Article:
U Michigan To Develop Teacher Prep Assessment
The University of Michigan's (U-M) TeachingWorks will use a $1.1 million grant from the Helmsley Charitable Trust to work on improving teacher preparation.
An organization within U-M's School of Education, TeachingWorks will use the funds "to implement more rigorous uniform standards for aspiring educators and enable schools of education to support students in meeting these higher benchmarks, ensuring they are better prepared for their first year in the classroom and beyond," according to a university news release.
Most states do not currently require teacher candidates to prove they have sufficient knowledge or skills to teach responsibly in their first year, according to information released by the school, leaving them underprepared and less effective than they could be.
Two million new teachers will be required in the next decade, owing in part to current teachers set to retire. "This enormous shift in the workforce creates an unprecedented opportunity to change how new teachers are prepared for classroom practice," according to a U-M press release.
"As states across the country adopt higher standards for students — a movement in which teachers are the most important drivers of change — we must ensure that future educators have the preparation they need to succeed in classrooms from day one," said Rachel Leifer, a program officer of the Helmsley Charitable Trust's Education Program, in a prepared statement. "TeachingWorks' well-designed, comprehensive approach offers a rare opportunity to improve teacher preparation at broad scale."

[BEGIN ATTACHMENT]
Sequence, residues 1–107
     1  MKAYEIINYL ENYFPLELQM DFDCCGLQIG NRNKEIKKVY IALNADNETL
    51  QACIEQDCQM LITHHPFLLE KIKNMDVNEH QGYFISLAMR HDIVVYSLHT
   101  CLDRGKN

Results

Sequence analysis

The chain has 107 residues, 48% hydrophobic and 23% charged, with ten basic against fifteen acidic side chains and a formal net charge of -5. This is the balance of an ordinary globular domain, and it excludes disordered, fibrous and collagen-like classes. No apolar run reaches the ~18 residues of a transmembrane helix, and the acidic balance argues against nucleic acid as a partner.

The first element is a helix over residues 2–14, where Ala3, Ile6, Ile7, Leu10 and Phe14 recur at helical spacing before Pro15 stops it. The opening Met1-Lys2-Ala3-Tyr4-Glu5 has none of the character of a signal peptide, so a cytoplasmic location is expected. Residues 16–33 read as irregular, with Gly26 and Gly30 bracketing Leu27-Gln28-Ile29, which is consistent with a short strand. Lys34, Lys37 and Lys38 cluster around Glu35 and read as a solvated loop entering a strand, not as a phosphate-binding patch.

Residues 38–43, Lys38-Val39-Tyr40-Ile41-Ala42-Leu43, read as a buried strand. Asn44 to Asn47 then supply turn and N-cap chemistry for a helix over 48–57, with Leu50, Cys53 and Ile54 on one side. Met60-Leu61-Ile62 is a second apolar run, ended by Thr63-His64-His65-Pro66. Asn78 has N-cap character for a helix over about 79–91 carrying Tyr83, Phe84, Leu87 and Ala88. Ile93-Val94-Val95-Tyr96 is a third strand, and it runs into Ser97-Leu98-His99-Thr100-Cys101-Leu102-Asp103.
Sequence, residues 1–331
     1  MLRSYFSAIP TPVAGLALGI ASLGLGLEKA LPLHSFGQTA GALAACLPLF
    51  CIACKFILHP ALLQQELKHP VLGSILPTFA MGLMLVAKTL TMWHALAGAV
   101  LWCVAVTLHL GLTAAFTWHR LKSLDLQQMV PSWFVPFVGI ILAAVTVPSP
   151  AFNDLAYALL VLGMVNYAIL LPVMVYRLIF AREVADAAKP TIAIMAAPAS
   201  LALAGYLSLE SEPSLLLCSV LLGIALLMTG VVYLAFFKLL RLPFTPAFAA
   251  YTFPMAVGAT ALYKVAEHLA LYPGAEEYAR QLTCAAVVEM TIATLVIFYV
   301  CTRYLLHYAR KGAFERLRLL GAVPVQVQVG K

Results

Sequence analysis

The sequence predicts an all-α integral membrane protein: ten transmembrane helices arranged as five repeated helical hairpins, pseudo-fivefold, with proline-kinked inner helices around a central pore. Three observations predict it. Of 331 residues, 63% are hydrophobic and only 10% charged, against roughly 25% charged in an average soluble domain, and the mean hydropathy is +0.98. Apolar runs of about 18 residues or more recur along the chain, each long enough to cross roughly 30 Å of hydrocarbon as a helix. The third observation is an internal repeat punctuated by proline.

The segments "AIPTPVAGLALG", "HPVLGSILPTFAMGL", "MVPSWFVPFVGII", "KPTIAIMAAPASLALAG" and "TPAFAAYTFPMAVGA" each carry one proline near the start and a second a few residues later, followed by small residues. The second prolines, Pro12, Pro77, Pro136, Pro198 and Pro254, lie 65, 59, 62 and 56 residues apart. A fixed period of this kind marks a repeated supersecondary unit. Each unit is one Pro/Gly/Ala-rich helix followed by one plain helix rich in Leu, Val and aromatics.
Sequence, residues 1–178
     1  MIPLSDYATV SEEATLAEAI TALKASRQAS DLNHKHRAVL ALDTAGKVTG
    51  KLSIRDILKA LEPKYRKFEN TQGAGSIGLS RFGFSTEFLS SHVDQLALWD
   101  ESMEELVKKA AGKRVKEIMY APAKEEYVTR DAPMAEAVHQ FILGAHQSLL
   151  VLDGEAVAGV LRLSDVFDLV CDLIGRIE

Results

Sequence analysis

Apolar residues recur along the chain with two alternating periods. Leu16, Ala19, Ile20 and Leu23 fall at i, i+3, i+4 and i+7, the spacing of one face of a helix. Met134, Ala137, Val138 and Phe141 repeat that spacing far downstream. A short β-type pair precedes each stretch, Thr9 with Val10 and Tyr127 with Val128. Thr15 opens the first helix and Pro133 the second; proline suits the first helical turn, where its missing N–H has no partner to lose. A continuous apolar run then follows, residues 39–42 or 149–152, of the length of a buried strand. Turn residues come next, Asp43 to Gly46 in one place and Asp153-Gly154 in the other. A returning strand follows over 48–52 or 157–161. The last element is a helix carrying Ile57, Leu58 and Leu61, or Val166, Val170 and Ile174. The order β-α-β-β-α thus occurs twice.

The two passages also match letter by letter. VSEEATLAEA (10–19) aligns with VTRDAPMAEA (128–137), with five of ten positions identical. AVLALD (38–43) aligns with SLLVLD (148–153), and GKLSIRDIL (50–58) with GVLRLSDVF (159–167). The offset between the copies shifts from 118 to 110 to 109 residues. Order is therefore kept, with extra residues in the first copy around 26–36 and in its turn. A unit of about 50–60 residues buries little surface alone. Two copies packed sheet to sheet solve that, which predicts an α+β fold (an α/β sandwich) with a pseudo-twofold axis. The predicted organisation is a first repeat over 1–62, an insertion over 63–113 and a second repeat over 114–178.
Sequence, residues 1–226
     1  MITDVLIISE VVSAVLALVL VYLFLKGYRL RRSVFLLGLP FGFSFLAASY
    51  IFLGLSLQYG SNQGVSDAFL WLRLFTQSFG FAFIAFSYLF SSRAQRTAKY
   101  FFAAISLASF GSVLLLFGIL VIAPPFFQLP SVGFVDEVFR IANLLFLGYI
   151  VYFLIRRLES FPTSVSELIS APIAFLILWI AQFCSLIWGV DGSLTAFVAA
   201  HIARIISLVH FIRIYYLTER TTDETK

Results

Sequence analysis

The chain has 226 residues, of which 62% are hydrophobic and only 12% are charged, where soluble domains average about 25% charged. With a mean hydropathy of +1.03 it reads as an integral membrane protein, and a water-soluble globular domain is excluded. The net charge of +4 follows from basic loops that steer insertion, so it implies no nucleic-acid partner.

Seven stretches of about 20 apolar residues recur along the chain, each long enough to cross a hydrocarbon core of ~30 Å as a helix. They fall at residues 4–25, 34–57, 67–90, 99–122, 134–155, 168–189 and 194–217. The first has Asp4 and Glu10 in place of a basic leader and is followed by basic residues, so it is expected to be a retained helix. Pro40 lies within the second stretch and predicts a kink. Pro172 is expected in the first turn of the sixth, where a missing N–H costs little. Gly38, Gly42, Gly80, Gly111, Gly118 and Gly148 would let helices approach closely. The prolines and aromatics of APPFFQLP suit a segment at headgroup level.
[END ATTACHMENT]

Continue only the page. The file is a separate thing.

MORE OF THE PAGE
TeachingWorks will use the funds to work with Educational Testing Service (ETS) to create the National Observable Teaching Examination (NOTE), a new licensure exam that will be designed to assess mastery of key content and practices. The assessment will be piloted in nine states this academic year.
TeachingWorks will also use the grant money to "collaborate with teacher education programs across the country to develop shared approaches to professional training focused on these high-leverage instructional practices," according to information released by U-M. "The grant supports small networks of teacher education programs and K-12 school districts that collectively commit to increasing the number of beginning teachers who can carry out the practices assessed in NOTE. Each network will identify common problems in preparing educators for practice and members will work together to build and try out solutions."
"At TeachingWorks, we are committed to ensuring that all students receive quality instruction and that teachers enter the classroom 'safe to practice' on their very first day," said Deborah Loewenberg Ball, director of TeachingWorks and dean of the U-M School of Education, in a prepared statement. "To achieve this, we need to shift teaching to be like other fields in which you must demonstrate proficiency before practicing."
Joshua Bolkan is contributing editor for Campus Technology, THE Journal and STEAM Universe. He can be reached at email@example.com.